Thursday, April 16, 2009

More on Sweden

Swedish tax authorities are cracking down on webcam strippers who fail to pay tax, according to a BBC report. Says a Swedish bureaucrat:
"They are young girls, we can see from the photos. We think that perhaps they are not well informed about the rules," said Mr Hardyson, head of the tax authority's national project on internet trade.
Ah yes, young girls, so foolish as to not want to pay high marginal tax rates. No doubt it is all the result of spending too much time thinking about shoes and the latest reinvention of Aqua.

Apparently the Swedes were tipped off by the Danes, eager to protect their webcam strippers from the unfair competition of heretofore untaxed Swedish webcam strippers. Saith the Swedish bureaucrat:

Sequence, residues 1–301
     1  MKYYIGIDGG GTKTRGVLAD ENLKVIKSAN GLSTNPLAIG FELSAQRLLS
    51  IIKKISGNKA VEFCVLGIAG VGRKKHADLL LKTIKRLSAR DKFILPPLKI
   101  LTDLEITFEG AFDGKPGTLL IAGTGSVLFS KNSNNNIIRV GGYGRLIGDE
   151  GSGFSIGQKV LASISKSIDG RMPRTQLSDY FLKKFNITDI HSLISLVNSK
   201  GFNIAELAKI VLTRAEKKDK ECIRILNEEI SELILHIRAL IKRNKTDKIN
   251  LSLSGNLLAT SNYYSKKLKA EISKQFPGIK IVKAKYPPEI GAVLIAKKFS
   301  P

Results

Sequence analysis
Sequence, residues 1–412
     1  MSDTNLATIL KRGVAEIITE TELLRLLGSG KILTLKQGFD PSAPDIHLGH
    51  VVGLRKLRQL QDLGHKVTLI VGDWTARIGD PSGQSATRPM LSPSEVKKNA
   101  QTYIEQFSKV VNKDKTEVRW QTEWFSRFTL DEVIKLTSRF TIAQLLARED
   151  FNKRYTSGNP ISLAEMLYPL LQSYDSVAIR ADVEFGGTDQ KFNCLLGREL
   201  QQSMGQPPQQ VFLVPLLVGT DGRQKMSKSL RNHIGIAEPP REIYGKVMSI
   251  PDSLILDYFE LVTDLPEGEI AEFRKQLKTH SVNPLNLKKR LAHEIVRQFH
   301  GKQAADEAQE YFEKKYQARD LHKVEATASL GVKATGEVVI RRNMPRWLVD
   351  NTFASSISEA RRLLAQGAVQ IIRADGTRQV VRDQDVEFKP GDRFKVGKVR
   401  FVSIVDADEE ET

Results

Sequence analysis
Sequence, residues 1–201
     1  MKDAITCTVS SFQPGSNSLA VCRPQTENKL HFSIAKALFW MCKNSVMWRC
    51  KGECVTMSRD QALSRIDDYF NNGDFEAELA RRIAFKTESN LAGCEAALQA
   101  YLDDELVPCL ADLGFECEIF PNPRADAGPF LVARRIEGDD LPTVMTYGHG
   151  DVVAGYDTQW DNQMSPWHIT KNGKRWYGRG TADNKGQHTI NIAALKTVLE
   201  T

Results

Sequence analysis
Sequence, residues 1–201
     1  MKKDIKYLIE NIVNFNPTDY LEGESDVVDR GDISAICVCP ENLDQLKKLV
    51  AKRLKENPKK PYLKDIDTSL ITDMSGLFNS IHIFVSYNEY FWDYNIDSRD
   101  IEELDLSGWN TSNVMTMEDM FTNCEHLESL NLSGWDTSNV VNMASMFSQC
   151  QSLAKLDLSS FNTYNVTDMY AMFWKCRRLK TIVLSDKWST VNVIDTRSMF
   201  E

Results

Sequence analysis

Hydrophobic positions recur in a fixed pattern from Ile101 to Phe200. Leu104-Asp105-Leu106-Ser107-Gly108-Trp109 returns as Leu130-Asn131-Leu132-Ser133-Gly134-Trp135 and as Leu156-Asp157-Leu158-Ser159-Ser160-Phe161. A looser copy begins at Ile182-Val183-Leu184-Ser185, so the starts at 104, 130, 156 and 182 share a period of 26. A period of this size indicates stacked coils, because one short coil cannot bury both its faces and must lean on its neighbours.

He said the Swedish tax authorities had been tipped off about Swedish internet strippers by the Dutch authorities, who had started a similar investigation earlier.
Odd that webcam stripping is legal in Sweden but prostitution is not. Sweden's prohibition on prostitution is motivated by feminist concerns rather than traditional religious and moral ones, as reflected in the fact that in Sweden it is buying, rather than selling, sex that is illegal. I should think the same feminist arguments about the pernicious effects of objectification would apply to webcam stripping as well.

My favorite line, of course, is this one, again from the Swedish bureaucrat:
"When we investigated the sites manually it worked better," he added.
Who knew the BBC had a sense of humor?

Hat tip: marginal revolution